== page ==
The common wisdom regarding self employment and health insurance is that if there's likely to be any health related issues in your future you should think long and hard about self employment. Health insurance can be quite expensive, though there are ways to keep your expenses down enough to make it possible to have it all.
For starters, the most common route is to have one partner continue working for an employer that offers good quality family benefits, while the other person peruses their dreams of self employment. Health insurance premiums for family rates (versus single person rates) are sometimes quite reasonable, depending entirely upon the sort of contributions that employers make and the sort of group rate they're able to offer. It will certainly be less than taking out two policies.
If you already have a good policy, you may prefer to keep your own policy for a time after you leave your job for self employment. Health insurance laws such as the COBRA act of 1986 require you to be given access to the same group rates (though not with your former employers contribution) for a year and a half. This doesn't apply if you were fired or worked for an employer with fewer than 20 people. In the latter case, you may be able to actually get a better rate as part of a group of self employed people.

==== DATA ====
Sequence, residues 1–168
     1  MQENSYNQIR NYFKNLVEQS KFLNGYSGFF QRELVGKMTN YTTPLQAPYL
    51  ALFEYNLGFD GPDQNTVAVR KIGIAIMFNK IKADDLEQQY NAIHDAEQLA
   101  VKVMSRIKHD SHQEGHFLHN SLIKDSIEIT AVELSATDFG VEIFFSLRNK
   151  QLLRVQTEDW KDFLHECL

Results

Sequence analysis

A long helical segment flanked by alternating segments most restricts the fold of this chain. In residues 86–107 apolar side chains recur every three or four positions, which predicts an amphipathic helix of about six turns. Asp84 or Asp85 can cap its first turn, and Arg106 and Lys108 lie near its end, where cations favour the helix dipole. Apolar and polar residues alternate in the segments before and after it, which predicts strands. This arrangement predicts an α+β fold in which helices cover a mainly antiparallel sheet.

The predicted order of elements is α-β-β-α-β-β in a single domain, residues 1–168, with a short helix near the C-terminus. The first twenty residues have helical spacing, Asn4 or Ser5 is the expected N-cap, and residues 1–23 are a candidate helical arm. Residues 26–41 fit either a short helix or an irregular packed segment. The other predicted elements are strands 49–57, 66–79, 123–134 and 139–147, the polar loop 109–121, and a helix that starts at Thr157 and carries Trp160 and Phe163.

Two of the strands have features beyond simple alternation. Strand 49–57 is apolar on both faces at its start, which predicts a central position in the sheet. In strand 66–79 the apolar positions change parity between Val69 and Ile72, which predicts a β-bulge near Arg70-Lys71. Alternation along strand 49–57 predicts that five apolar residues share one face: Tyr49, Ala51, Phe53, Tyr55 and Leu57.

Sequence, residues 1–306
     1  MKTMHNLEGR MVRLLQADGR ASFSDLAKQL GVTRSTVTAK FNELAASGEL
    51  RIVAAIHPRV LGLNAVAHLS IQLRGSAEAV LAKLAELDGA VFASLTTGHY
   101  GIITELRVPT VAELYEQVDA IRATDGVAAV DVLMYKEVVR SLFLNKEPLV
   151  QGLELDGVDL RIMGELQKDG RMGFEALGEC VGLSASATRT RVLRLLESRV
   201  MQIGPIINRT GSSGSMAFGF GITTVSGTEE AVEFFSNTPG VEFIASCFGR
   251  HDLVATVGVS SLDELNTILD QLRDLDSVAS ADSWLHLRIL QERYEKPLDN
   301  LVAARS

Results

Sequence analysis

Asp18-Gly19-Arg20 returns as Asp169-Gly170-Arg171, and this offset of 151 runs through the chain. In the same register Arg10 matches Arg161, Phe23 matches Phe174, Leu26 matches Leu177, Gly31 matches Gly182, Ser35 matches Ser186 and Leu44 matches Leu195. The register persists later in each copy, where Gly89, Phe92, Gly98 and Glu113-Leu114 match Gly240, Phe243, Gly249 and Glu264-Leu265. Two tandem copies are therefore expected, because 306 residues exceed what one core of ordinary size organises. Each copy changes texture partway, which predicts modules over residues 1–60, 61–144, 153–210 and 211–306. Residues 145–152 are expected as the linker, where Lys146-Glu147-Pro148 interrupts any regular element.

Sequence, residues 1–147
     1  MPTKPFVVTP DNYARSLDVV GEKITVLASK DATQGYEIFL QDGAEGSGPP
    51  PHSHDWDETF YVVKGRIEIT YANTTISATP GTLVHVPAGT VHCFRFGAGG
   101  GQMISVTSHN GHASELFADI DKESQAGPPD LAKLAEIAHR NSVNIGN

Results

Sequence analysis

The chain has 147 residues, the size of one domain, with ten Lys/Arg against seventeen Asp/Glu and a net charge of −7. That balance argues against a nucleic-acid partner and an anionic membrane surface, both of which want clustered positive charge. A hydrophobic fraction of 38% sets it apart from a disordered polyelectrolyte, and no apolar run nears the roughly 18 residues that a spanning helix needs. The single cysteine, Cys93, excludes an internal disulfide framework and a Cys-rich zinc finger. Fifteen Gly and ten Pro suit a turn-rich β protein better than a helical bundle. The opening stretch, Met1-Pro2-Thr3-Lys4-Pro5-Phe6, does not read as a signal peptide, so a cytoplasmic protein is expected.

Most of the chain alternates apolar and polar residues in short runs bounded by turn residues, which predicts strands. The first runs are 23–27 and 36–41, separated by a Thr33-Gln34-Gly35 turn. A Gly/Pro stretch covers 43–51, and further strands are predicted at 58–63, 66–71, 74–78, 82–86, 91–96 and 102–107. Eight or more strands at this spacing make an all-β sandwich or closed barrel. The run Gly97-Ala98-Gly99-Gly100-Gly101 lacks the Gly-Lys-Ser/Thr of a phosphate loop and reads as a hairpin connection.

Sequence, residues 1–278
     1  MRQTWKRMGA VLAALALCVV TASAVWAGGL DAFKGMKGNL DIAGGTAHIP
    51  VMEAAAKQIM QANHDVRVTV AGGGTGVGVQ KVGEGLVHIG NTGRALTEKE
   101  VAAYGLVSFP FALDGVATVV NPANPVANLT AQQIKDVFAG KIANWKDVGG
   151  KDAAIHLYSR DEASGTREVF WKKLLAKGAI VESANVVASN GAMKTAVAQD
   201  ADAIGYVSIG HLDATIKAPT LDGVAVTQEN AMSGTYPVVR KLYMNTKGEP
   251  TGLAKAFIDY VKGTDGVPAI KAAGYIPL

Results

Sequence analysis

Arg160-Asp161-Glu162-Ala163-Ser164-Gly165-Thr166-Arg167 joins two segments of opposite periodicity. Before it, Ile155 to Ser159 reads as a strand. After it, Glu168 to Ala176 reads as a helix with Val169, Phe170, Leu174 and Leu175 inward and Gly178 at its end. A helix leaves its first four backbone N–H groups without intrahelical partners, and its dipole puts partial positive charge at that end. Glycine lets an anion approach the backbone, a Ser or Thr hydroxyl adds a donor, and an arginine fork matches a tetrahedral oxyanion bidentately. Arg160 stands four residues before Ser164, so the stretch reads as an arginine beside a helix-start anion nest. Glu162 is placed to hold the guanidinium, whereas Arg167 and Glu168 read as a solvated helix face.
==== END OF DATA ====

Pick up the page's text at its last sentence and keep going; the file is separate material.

Even if you're a single parent, there's no reason you have to go it alone all the way. There are several organizations of the self employed who pool their resources together to get better insurance rates for their membership. Though these rates are not often as good as those large companies are able to get, it can represent a significant savings over the rates that you'd pay as a single person seeking family coverage.
Of course, a great many people choose not to have health insurance, as single people, but having a baby or raising one is sure to see you in the doctor's office somewhat regularly. As such, you might want to consider a health savings account or supplemental insurance to cover the cost of copays and deductibles.
Some states offer a type of public assistance that covers the cost of basic health care for children, though being self employed, you may not be eligible. Check with your state to find out if such a program exists in your area.
It is vitally important that you keep the costs in mind when contemplating starting a family and a business at the same time. As one of the newly self employed, health insurance is also the largest expense you'll encounter when first starting up. You may find yourself making a choice.